Hope and Health – a Good Partnership

Hope and Health - A Good Partnership


by Don Ingwerson

How many times have we heard someone respond to another’s hopes and dreams with, “Get real?” Well, maybe we do need to get real, but hope may be tied more closely with reality than we think, especially in the quest for health.

The effect of hope on health may be viewed more like prayer and meditation – hard to provide scientific proof questioners will accept. But according to Amanda Enayati, the positive effects of hope are well documented. In her CNN article, “How Hope Can Heal,” Enayati highlights a number of studies that show the power of hope.

For example, stepping to the forefront in promoting the value of hope is Shane Lopez, author of “Making Hope Happen.” Lopez is unfazed by the current resistance to quantifying different aspects of hope. He believes that hope is the stuff of change, recovery, and healing by being a buffer from stress, anxiety, and negative life events. And he finds that hope promotes healthy behaviors.

But Lopez isn’t the only one taking up the challenge to explain the positive effects of hope on health. Jerome Groopman writes in “The Anatomy of Hope” that “researchers are learning that a change in mind-set has the power to alter neurochemistry.” Groopman’s research shows that people who maintain belief and expectation – two mental states associated with hope – recover more quickly from illness because these states of mind have a positive impact on the nervous system.

Hope is not just wishing that everything will turn out all right, it is actually showing up for the hard work. This concept of hope and hard work being tied together rings true for me.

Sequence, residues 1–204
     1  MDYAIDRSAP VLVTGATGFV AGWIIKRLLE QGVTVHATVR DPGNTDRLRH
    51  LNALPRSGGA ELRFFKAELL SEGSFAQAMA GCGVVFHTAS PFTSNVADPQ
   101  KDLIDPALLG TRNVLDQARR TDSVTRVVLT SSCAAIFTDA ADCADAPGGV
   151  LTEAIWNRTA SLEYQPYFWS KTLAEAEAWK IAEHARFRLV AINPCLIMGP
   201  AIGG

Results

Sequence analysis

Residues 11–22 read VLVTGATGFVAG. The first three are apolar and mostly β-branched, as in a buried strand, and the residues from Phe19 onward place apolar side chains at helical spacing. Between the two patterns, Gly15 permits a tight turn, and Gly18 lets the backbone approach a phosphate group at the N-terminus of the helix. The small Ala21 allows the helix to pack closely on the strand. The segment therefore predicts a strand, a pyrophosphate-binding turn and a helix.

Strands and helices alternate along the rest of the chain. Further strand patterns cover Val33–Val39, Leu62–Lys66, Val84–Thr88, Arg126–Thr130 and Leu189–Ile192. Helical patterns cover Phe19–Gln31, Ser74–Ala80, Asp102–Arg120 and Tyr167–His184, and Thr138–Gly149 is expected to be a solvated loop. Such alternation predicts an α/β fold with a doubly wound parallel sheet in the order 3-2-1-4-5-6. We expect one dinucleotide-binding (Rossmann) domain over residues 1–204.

I’ve often found that it takes work to keep my thinking in tune with what’s good around me. This isn’t only modern insight, but also ancient wisdom. For instance, the letter to the Hebrews in the Bible refers to the idea of trust and hope being a firm foundation under what makes life worth living. This trust in God, or in good, as I sometimes think about the divine, lifts me out of the daily grind of life in matter, into a mental realm a bit higher.

The Holman Bible Dictionary defines hope as a trustful expectation, particularly with reference to the fulfillment of God’s purpose. And I see divine purpose as always good. Indeed, it takes work to keep a trustful expectation of divine goodness at the forefront of your thinking, but I’ve found that it’s been a helpful healing element in maintaining my health.

Article first published in Blogcritics.

About the author

Don Ingwerson Don regularly blogs on health and spirituality and lives in Laguna Beach with his wife - both Christian Science practitioners. He brings his years serving the public in education to his work as a liaison of Christian Science, where he maintains contacts with the media and legislative offices.


  1. Sue says

    Thanks Don. I love the definition of hope from the Holman Bible Dictionary. Hope being a trustful expectation, particularly with reference to the fulfillment of God’s purpose is a clear and useful working concept.